- Double-blown Volkswagen 1.4 TSI “miniature” tops its class
- Subaru picks up its first ever ‘Engine Oscar’
BMW’s 5-litre V10 has today been crowned the best engine in the world for the second year in a row at the International Engine of the Year Awards 2006 held at Engine Expo in
The Bavarian car maker, which also won Awards for its Z4 M 3.2-litre and twin-turbodiesel 3-litre in this year’s competition, walked away from the eighth annual International Engine of the Year Awards Presentation with a total of five trophies, its re-crowned V10 having also dominated the Best Performance Engine and Best Above 4-litre categories. The unit saw tough competition from the likes of Volkswagen’s new 1.4-litre TSI and the previous International Engine of the Year title holder,
Juror Frank Markus from America’s Motor Trend magazine said of the BMW V10: “A technological tour de force, and about the closest one can come to buying a Formula One engine for the road”, while Japan-based automotive freelancer Peter Nunn commented, “The BMW V10 is a masterclass in exhilarating power, sound, response and brilliant packaging that comes as standard.” Markus and Nunn wer
e two of the 61 motoring journalists from 29 countries that voluntarily give their time to choose the greatest powerplants in the world.
Elsewhere in this prestigious contest, Subaru won its first ever International Engine of the Year Awards trophy with its new 2.5-litre turbo that powers the Impreza, topping the 2-litre to 2.5-litre category. VW picked up Awards for its
2-litre FSI Turbo (170-220 hp), found in the Golf GTi, and for the 1.4-litre TSI (170hp), which won both the 1-litre to 1.4-litre class and the Best New Engine 2006.
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International Engine Of The Year Awards Rules
Capacity Classes: Eight in total: Above 4-liter; 3-liter to 4-liter; 2.5-liter to 3-liter; 2-liter to 2.5-liter; 1.8-liter to 2-liter; 1.4-liter to 1.8-liter; 1-liter to 1.4-liter; and Sub 1-liter. To qualify for inclusion in these Awards' Classes, an engine must be housed in a passenger car that is on sale in more than one country as at 10 May 2006.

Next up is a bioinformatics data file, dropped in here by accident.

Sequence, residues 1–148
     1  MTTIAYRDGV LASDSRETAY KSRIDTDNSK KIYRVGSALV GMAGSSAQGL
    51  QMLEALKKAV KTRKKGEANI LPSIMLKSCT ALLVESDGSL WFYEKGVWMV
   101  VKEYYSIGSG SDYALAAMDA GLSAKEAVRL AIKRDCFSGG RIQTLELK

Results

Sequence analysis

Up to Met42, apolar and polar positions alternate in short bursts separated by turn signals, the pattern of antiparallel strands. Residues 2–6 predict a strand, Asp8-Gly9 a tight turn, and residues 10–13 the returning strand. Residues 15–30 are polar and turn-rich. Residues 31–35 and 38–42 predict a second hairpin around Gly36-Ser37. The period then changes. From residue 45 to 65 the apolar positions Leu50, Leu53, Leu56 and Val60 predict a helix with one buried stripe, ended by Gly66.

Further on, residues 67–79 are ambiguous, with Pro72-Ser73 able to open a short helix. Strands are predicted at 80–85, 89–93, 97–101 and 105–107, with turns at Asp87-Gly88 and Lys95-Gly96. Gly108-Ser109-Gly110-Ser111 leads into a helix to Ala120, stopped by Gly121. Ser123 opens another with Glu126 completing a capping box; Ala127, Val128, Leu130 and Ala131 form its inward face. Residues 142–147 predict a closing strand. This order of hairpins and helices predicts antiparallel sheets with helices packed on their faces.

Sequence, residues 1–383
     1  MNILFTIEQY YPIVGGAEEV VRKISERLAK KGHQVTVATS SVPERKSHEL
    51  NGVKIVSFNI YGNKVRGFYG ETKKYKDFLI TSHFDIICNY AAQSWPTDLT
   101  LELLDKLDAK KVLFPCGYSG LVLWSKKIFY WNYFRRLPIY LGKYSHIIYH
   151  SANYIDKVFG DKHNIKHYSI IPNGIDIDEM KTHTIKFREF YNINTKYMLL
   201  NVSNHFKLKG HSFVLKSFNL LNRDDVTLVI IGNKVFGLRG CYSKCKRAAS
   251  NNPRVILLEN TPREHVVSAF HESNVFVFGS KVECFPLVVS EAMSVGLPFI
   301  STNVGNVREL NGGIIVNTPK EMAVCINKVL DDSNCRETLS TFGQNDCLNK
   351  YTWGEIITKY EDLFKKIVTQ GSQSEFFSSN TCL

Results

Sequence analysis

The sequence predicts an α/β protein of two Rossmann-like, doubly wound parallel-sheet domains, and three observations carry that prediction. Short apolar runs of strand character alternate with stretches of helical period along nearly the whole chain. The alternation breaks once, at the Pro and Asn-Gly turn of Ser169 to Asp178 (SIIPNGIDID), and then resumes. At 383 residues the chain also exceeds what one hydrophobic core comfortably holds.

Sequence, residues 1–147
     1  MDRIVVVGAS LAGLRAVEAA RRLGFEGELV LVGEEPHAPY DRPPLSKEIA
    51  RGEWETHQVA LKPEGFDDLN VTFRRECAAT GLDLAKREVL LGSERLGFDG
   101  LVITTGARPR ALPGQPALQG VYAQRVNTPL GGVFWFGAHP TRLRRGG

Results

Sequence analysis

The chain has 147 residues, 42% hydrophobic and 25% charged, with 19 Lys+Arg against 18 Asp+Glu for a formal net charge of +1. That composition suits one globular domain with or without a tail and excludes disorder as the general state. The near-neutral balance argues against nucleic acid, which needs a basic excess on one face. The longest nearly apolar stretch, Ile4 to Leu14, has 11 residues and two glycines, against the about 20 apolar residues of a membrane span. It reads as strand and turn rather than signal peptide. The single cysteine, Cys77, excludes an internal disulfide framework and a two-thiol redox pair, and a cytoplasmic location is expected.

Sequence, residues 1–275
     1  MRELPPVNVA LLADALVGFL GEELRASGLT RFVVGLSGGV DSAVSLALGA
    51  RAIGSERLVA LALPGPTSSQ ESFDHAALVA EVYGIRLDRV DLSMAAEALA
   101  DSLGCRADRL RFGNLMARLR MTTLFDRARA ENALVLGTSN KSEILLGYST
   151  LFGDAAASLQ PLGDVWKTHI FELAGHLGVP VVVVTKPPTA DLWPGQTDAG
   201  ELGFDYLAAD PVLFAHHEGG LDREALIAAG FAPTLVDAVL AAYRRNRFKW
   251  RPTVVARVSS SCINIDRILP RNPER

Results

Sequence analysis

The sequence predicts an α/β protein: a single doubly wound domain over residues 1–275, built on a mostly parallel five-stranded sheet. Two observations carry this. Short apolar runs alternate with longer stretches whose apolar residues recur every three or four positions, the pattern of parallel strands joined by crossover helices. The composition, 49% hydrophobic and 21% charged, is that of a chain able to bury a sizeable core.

Best Fuel Economy: To qualify for inclusion in this Award Category, an engine must be housed in a passenger car that is on sale in more than one country as at 10 May 2006, and have been designed with fuel economy as a priority (i.e. diesels, hybrids, etc)
Best Performance Engine: To qualify for inclusion in this Award Category, an engine must be housed in a passenger car that is on sale in more than one country as at 10 May 2006, and either have been designed specifically for a performance-orientated car or be installed in a vehicle, the aim of which is sporting fun.
Best New Engine 2006: To qualify for inclusion in this Awards category, an engine must have been launched after 1 June 2005 and be housed in a passenger car that is on sale in more than one country as at 10 May 2006.
International Engine of the Year 2006: The winners of the eight engine capacity classes are shortlisted for the International Engine of the Year 2006 crown. The winners of the Best Fuel Economy, Best Performance Engine, and Best New Engine 2006 categories are omitted from the final shortlist to avoid duplication.
SCORING: In every category, the panelists judged each shortlisted engine using their subjective driving impressions and technical knowledge, and took into account characteristics such as fuel economy, noise, smoothness, performance and driveability. The jurors each had 25 points to spend on their five favourite engines in each class. The maximum points that could be allocated to one engine was restricted to 15, while the minimum reward was one mark. An engine could not be tied for the top slot.